Prolefeed

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Prolefeed is a Newspeak term in the novel Nineteen Eighty-Four by George Orwell. It was used to describe the deliberately superficial literature, movies and music that were produced by Prolesec, a section of the Ministry of Truth, to keep the "proles" (i.e., proletariat) content and to prevent them from becoming too knowledgeable. The ruling Party believes that too much knowledge could motivate the proles to rebel against them. In the novel, Prolesec is described in detail:

The term is used very occasionally to describe shallow entertainment in the real world. For example, Charles Spencer, reviewing the Queen musical We Will Rock You for the Daily Telegraph, described it as 'prolefeed at its worst'.[1] Theodore Dalrymple wrote in the The Spectator that "France .... is less dominated by mass distraction (known here as popular culture, but in Nineteen Eighty-Four as prolefeed) than Britain is."[2]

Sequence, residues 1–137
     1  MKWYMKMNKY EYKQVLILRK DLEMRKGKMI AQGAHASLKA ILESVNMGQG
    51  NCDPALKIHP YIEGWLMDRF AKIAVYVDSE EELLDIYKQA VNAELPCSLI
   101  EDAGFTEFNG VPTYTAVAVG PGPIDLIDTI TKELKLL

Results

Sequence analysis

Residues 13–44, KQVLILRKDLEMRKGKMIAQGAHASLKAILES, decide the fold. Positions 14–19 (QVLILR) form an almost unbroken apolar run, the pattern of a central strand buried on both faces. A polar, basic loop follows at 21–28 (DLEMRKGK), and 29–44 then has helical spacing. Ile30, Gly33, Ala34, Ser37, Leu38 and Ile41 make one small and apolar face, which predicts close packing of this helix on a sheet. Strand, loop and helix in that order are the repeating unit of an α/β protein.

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  1. ^ "REVIEWS | Raspberries for Queen's Rhapsody". BBC News. 15 May 2002. Retrieved 2010-07-15. 
  2. ^ Dalrymple, Theodore (3 January 2004). "Escape from barbarity". The Spectator. But, for all that, France still seems to me a more civilised country than Britain. It is less dominated by mass distraction (known here as popular culture, but in Nineteen Eighty-Four as prolefeed) than Britain is. France’s mass distraction is amateurishly produced in comparison with the cynical slickness of its Anglo–American equivalent, and this really is a case of the worse the better. 

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